The study was approved by the Institutional Review Board of Hiroshima University Hospital (approval number: E-1385) and was conducted in accordance with the Declaration of Helsinki. The patients were informed of the risk and benefits of CE at the time of the procedure, and all provided written informed consent to use their de-identified data for research purposes.

CE procedure

The PillCam™ SB2 or SB3 video capsule (Covidien, Mansfield, MA) was used for CE. The patients swallowed the capsule with a solution of dimeticone after an overnight fast. Sodium picosulfate and magnesium were administered for bowel preparation the night before CE. The patients swallowed the capsule in the sitting position and ate a light meal 4 h after swallowing the capsule. Capsule images were evaluated using the Rapid Reader 6.5 software on a RAPID 8 workstation (Covidien, Mansfield, MA). Two experienced endoscopists, who were experienced in reading more than 200 capsule videos, reviewed and interpreted the CE image stream independently. The diagnosis was reached by consensus.


We evaluated the patients with SSc concerning the average capsule transit time (esophagus, stomach, and small-bowel), total small-bowel observation rate, frequency and characteristics of small-bowel lesions, and detection rate of small-bowel lesions. Small-bowel vascular lesions were classified according to Yano-Yamamoto classification10. Gastrointestinal motility was assessed by measuring the capsule transit time in the gastrointestinal tract (esophagus, stomach, and small bowel). The following characteristics were evaluated: sex, age, SSc subclassification, abdominal surgical history, medication, chief complaint, modified Rodnan’s total skin thickness score (mRSS), telangiectasia, disease duration in relation to SSc subclassification, and the presence of fibrosis in the gastrointestinal tract.

Statistical analysis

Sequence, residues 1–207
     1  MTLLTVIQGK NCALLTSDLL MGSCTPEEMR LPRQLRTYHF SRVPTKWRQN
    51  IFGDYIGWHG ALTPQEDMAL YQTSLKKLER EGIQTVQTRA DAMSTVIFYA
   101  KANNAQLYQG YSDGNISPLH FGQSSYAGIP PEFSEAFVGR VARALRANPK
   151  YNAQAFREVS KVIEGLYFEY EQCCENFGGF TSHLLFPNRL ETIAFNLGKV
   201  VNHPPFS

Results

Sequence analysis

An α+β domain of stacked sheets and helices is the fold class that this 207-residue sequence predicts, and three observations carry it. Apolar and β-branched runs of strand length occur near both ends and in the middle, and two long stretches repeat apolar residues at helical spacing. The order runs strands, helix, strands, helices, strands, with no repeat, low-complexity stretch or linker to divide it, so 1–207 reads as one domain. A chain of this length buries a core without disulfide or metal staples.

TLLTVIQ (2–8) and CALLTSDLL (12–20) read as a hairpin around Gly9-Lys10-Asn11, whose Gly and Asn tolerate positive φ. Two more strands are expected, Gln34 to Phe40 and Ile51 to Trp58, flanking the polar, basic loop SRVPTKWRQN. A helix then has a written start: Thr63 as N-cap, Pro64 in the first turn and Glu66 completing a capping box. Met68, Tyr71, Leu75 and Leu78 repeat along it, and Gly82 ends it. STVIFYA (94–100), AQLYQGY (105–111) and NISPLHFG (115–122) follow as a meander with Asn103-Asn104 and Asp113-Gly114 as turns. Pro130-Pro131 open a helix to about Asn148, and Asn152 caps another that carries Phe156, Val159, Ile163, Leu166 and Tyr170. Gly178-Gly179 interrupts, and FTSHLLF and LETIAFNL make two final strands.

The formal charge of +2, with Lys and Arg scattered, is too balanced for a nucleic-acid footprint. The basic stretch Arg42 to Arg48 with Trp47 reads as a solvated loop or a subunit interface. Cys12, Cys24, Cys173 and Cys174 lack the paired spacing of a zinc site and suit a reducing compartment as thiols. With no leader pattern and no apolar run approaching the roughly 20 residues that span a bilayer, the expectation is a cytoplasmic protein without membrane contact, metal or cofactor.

Quantitative variables were compared using Pearson’s chi-square or Fischer’s exact test, whereas continuous variables were compared using Student’s t-test or the Mann–Whitney U test. All tests were two-sided, and p-values < 0.05 were considered statistically significant. Differences between the subgroups were examined using the log-rank test. All analyses were performed using JMP version 15 (SAS Institute Inc., Cary, NC).


Table 1 shows the characteristics of the two groups. Both groups included more female than male patients, with similar ratios (dcSSc: 97% [30/31] females; lcSSc: 91% [31/34] females; p = 0.3363). Moreover, there was no significant difference in age (dcSSc: 63.4 [36–80] years; lcSSc: 65.2 [37–81] years; p = 0.2663). None of the patients in both groups had a history of abdominal surgery. There was no significant difference in the use of non-steroidal anti-inflammatory drugs (NSAIDs) or anti-platelet drugs, chief complaints, the presence of telangiectasia, or disease duration. Anti-platelet drugs were used in three dcSSc patients and five lcSSc patients (p = 0.5353), whereas NSAIDs were used in three dcSSc patients and seven lcSSc patients (p = 0.2168). Regarding chief complaints, 50% (33/63) of patients with SSc were asymptomatic. There was a significant difference in mRSS. This is consistent with the disease backgrounds. The average capsule transit time of the esophagus was significantly longer in dcSSc patients than in lcSSc patients (16.0 vs. 3.8 min, p = 0.0418) (Table 2). The average capsule transit time in the stomach and small bowel was not significantly different between the two groups (stomach: 35.2 vs. 36.4 min, p = 0.1904; small bowel: 268.5 vs. 263.7 min, p = 0.8412). There was no significant difference between the two groups in the total small-bowel observation rate (65% [20/31] vs. 71% [24/34]). The frequency and characteristics of gastrointestinal lesions are shown in Table 2. Small-bowel lesions were detected in 42% (27/65) of patients with SSc; 13 patients (20%) had angioectasia, and 14 (22%) patients had erosion/ulceration. Ten patients with SSc (15%) had reflux esophagitis, and five (8%) had short-segment Barrett’s esophagus. Five patients with SSc were found to have gastric antral vascular ectasia. Gastrointestinal lesions identified by CE are presented in Fig. 1. Small-bowel lesions, especially Type 1b angioectasia, were significantly more frequent in lcSSc patients (17%, 6/34) than in dcSSc patients (0%, 0/31). Of the seven patients with Type 1a angioectasia, four were asymptomatic, and three had anemia. All six patients with Type 1b angioectasia had anemia (mean hemoglobin level, 8.6 [6.5–10.3] g/dL).